For additional details regarding the Amended Credit Agreement and the Convertible Notes, please refer to "Note 14 - Financing Arrangements" in the Company's Annual Report on Form 10-K for the year ended December 31, 2019.

Cash Flows

The following table reflects the major categories of cash flows for the three months ended March 31, 2020 and 2019. For additional details, please refer to the unaudited Consolidated Statements of Cash Flows included in this quarterly report.




                                                      Three Months Ended March 31,
                                                        2020                2019

Net cash provided (used) by operating activities $ 63.8$ (33.6 )

 Net cash provided (used) by investing activities             4.9                (4.4 )
 Net cash (used) provided by financing activities           (30.2 )              24.2

(Decrease) Increase in Cash and Cash Equivalents $ 38.5$ (13.8 )




Operating activities

Net cash provided by operating activities for the three months ended March 31, 2020 was $63.8 million compared to net cash used of $33.6 million for the three months ended March 31, 2019. The increase in cash provided by operating activities of $97.4 million was primarily due to management actions to improve working capital.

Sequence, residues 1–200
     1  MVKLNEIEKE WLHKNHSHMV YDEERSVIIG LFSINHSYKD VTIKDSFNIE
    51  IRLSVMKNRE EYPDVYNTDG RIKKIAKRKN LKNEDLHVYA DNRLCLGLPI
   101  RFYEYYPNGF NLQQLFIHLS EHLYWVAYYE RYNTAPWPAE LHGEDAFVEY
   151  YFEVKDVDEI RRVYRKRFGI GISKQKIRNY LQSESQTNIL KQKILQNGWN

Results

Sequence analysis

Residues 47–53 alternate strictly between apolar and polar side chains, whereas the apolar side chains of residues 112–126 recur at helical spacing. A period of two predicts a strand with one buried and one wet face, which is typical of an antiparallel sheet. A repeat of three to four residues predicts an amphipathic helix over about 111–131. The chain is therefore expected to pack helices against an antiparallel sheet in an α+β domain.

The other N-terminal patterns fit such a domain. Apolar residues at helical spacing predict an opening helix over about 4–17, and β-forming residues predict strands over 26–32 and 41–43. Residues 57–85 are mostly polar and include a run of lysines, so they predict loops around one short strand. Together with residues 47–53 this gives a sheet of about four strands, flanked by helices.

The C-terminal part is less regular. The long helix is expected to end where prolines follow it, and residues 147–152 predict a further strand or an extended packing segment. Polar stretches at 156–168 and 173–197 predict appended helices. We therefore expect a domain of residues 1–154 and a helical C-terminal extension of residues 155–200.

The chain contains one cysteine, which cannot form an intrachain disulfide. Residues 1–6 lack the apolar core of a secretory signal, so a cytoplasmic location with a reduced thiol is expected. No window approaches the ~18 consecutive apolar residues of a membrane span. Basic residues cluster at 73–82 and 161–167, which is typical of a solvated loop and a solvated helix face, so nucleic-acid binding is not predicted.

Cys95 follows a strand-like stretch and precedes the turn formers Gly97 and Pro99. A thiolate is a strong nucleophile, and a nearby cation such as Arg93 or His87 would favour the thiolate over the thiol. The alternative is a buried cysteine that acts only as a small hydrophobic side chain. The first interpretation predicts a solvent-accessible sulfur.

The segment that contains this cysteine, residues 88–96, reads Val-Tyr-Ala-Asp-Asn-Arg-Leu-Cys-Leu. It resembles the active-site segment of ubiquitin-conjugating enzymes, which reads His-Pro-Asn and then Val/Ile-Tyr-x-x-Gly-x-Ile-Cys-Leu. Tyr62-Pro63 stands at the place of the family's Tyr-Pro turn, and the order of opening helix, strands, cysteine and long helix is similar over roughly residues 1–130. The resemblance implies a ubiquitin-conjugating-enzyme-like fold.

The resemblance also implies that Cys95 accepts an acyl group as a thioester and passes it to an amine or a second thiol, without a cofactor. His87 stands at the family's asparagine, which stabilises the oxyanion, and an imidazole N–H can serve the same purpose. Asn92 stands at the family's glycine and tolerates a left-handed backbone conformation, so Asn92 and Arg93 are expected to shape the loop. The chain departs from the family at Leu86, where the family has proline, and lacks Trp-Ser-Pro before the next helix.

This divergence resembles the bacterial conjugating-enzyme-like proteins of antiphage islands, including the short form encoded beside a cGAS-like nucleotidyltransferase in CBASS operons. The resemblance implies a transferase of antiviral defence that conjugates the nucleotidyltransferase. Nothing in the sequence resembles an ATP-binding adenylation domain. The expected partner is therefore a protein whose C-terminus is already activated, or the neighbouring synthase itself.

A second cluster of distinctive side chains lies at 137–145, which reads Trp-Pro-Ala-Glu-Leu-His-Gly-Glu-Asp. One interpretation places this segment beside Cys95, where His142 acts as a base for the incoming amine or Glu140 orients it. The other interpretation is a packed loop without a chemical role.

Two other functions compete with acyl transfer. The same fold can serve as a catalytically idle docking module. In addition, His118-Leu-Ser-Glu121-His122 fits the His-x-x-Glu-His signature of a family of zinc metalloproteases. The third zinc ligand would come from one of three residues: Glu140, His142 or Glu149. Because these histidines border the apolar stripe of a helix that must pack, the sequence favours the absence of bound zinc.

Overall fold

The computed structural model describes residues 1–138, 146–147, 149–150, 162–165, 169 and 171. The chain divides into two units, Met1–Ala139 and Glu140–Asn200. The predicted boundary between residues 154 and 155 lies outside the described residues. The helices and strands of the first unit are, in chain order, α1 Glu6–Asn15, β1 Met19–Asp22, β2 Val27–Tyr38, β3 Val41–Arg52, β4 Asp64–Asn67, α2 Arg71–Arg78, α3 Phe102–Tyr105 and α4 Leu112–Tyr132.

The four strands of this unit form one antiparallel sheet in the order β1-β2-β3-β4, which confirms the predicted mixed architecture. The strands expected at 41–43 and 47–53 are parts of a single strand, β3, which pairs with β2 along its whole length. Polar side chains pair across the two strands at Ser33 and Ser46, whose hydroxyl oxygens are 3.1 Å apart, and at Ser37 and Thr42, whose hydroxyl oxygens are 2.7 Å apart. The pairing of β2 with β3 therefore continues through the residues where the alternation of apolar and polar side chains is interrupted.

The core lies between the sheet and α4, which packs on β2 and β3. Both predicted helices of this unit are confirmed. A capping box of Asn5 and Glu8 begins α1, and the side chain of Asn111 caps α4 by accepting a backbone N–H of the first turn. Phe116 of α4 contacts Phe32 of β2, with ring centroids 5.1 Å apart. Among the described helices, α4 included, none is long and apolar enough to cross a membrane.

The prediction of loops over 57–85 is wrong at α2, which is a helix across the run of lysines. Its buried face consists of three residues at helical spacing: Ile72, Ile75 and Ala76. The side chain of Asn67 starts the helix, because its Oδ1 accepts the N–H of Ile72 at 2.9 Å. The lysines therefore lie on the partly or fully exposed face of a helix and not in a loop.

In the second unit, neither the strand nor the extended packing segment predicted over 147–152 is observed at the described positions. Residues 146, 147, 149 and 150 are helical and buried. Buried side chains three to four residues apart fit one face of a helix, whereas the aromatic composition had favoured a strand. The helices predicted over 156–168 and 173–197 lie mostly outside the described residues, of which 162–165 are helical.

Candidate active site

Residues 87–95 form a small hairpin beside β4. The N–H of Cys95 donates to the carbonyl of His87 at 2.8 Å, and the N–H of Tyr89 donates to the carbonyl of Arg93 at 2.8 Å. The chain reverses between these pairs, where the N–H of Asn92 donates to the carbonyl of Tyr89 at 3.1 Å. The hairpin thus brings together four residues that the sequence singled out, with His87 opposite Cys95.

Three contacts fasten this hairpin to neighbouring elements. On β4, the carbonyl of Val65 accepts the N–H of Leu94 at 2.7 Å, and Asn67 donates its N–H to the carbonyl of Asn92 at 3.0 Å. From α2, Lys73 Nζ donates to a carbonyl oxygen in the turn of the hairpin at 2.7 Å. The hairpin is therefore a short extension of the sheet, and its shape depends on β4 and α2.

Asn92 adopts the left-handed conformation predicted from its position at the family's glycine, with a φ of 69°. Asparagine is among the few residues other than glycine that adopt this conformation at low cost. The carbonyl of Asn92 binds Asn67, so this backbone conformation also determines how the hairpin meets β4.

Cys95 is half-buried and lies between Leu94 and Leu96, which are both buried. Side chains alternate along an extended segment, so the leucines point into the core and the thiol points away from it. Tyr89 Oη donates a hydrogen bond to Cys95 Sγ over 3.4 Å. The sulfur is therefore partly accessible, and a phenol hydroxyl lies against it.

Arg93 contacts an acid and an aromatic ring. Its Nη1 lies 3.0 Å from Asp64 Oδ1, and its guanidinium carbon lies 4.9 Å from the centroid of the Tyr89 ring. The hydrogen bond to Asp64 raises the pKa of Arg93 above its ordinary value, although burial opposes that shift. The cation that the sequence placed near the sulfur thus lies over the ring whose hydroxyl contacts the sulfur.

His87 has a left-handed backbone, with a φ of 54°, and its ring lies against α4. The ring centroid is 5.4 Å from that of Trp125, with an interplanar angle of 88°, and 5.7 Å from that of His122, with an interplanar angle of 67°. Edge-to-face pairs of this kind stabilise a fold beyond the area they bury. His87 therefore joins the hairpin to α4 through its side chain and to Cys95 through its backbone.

The improvement in working capital between periods was due to inventories and accounts payable, partially offset by accounts receivable. The additional cash provided by inventory was primarily driven by the Company's inventory management program implemented late in 2019, which resulted in decreases in raw material inventory on hand, as compared to higher inventory in the first quarter of 2019. The additional cash provided by accounts payable was primarily driven by harmonization of the Company's payment procedures instituted in the first quarter of 2020, as well as a lower level of overall purchases and a decline in scrap raw material prices in recent months as compared to the prior year comparable period. The increased use of cash in accounts receivable was primarily due to higher sales in the first three months of 2020 in comparison to the last quarter of 2019, which resulted in first quarter of 2020 billings exceeding collections. In comparison, sales declined in the first three months of 2019 in comparison to the last quarter of 2018, which resulted in collections exceeding billings in the first quarter of 2019. Refer to the unaudited Consolidated Statements of Cash Flows for additional information.

Investing activities

Net cash provided by investing activities for the three months ended March 31, 2020 was $4.9 million, as compared to net cash used of $4.4 million for the three months ended March 31, 2019. Cash provided by investing activities in the first quarter of 2020 primarily relates to proceeds from sales of property, plant and equipment in conjunction with the disposition of non-core assets, as discussed in "Note 5 - Disposition of Non-Core Assets" in the Notes to the unaudited Consolidated Financial Statements, partially offset by capital investments in our manufacturing facilities. Cash used for investing activities in the first quarter of 2019 primarily relates to capital investments in our manufacturing facilities.